According to Stephen Tapscott, MD, PhD, professor of neurology at the University of Washington in Seattle, one of the major outstanding questions in myotonic dystrophy has been whether the neurologic manifestations are mediated through the same molecular mechanism as the muscle disease. “I think the major advance in this paper is showing that the dominant mechanism is probably the same as the dominant mechanism in skeletal muscle.” The implication, he said, is that therapies developed to treat skeletal muscle should be equally applicable to the neurologic symptoms.
“The exciting part of the paper,” he said, “is that it raises the possibility that if the sequestration of MBNL2 can be overcome, either by degrading the mutant RNA or by replacing the protein, you should be able to reverse the neurologic symptoms. This paper gives a road map for how to develop treatments.”
The study also identifies downstream mechanisms that may contribute to components of the clinical manifestations. Modulating these may provide symptomatic relief even in the absence of curative therapy.
And finally, Dr. Tapscott said, the development of the mouse model used in this study “should be a huge step forward in transitioning the development of therapy from just targeting skeletal muscle, to now targeting the neurologic symptoms.”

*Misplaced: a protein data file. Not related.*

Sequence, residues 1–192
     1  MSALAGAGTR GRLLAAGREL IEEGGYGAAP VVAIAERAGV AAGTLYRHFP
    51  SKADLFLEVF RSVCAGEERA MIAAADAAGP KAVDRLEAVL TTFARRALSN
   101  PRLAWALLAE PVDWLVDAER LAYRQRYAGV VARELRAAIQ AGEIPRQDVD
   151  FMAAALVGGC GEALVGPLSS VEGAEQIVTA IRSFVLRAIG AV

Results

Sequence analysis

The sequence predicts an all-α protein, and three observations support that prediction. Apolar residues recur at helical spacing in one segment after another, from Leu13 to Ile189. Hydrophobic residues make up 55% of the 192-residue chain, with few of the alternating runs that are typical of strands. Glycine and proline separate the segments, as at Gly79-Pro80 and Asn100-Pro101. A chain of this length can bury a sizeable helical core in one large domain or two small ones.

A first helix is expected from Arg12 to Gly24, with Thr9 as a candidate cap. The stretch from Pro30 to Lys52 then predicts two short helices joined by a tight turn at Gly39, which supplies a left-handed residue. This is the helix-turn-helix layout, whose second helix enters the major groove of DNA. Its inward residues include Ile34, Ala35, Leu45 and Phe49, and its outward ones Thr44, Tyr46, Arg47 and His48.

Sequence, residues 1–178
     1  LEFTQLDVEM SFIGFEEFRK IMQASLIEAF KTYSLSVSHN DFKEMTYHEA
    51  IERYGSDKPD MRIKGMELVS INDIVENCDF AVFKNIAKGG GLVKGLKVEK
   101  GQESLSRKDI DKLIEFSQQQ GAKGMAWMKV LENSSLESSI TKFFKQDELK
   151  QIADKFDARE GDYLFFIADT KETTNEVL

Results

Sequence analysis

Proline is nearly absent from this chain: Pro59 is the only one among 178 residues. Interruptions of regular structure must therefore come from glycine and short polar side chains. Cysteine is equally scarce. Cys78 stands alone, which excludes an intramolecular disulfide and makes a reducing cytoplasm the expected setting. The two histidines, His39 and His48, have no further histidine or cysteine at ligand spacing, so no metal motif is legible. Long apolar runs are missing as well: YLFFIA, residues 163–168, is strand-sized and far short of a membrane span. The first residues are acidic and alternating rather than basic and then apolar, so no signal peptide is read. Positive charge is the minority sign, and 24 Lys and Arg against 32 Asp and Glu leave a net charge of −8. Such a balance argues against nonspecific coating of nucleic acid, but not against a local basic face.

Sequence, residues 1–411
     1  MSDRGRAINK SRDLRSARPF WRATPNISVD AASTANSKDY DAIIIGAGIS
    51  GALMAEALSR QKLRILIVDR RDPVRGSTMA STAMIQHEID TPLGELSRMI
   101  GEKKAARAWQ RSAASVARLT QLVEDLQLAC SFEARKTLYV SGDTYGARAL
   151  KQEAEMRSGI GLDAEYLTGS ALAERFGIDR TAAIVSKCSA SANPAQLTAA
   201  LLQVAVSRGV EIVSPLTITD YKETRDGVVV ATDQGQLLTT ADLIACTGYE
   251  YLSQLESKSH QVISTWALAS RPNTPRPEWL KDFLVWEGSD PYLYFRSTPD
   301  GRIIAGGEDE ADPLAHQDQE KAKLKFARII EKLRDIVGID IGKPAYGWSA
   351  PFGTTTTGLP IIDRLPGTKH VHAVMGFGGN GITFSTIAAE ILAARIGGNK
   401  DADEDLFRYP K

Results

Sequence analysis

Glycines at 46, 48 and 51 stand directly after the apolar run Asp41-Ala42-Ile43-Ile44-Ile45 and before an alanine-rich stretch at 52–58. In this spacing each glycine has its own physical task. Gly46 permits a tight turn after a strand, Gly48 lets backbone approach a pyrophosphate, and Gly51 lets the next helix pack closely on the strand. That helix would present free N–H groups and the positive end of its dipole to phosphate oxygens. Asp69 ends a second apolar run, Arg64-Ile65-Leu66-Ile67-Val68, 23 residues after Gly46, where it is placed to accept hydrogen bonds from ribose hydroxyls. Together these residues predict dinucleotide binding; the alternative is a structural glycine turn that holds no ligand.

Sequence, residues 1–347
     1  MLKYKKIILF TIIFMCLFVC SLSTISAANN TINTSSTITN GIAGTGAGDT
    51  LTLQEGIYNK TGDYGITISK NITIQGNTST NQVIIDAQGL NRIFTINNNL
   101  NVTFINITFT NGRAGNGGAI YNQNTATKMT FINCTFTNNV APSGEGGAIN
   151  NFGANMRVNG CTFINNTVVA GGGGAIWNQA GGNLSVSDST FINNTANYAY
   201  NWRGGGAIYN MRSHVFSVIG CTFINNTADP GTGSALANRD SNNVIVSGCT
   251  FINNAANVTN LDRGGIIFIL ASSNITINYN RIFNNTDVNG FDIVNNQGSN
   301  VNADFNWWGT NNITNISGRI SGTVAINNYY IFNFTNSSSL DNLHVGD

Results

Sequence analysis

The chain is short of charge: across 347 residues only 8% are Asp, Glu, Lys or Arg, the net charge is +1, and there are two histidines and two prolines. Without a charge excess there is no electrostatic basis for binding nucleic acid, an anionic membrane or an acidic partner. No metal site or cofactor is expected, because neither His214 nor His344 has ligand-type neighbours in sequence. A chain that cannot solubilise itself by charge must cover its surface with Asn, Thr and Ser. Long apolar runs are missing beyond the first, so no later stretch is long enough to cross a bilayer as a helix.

ANTISENSE THERAPY SUCCESSFUL AGAINST MYOTONIA IN MOUSE MODEL
An Aug. 2 paper in Nature has shown that antisense therapy may hold promise for treatment of the peripheral symptoms of myotonic dystrophy. Researchers administered antisense molecules targeting the expanded RNA in a mouse that expresses the expanded CUG RNA repeat. Unlike previous, unsuccessful attempts, in this case the antisense molecule was tailored to be retained in the cell nucleus, providing maximum exposure to the mutant RNA. Binding of the antisense molecule to the RNA triggered degradation of the RNA by the cellular defense machinery, and led to improvements in myotonia and muscle pathology, as well as normalization of the pathologic transcription changes caused by the absence of muscleblind 1. Remarkably, the beneficial effects of short-term treatment were sustained for up to one year.
“These results provide a general strategy to correct RNA gain-of-function effects and to modulate the expression of expanded repeats,” Charles A. Thornton, MD, professor of neurology at the University of Rochester Medical Center, and colleagues reported.